Health Insurance 101: How Does Mental Health Coverage Work?

It can be a lot to wrap your mind around.

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Has it been a headache to determine the difference between your copay and coinsurance, or your deductible and your premium? Well, here’s how to figure out your insurance plan’s mental health coverage, without adding more anxiety or stress to your plate. After all, insurance should help you afford your mental health needs — not make them worse.

Does health insurance cover mental illness?

The Affordable Care Act established several important guidelines to help more people access health care. For example, children up to 26 years old could remain on their parents’ health insurance plans, and there would be public options for all through the Health Insurance Marketplace. One of the other major achievements of the ACA was a list of “Essential Health Benefits.” These are services that all insurers must cover, and it includes both mental health and behavioral health services.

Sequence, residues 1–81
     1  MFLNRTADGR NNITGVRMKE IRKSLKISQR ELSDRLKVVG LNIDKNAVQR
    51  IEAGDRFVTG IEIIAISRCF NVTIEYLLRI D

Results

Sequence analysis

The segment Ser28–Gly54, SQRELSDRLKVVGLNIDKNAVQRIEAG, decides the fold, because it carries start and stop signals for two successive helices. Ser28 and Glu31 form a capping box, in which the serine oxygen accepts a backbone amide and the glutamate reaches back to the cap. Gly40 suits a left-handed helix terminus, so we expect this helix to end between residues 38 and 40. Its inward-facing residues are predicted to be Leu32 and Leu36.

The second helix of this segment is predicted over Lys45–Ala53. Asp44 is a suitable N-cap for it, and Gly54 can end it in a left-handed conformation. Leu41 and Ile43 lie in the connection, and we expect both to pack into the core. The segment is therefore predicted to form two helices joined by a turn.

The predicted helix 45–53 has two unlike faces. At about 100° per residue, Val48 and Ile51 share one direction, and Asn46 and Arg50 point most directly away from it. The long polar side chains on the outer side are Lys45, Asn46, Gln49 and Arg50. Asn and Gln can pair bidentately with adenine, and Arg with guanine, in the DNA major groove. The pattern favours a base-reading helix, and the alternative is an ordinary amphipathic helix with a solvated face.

Offerings may vary by location and income, but most insurance plans will cover (to some extent):

There are also benefits under “parity protections” under federal law. These state that any mental health service coverage that a plan offers can’t be more limited than its medical and surgical coverage. This has helped to expand benefits for mental health needs. After all, your mental health is an important component of your overall health, and it deserves similar coverage.

Mental health is physical health

More good news: Insurers aren’t allowed to put spending limits for mental health coverage. Plus, they can’t deny you insurance if you have pre-existing mental illnesses before enrolling. This is important since untreated mental illness can put someone at risk for other issues, such as substance use disorders or even suicide.

However, the law doesn’t require that insurers cover all diagnoses. Call your insurance representative to understand what your insurance plan covers for your mental health. You can also use your insurer’s website to help find mental health providers in your area that accept your insurance.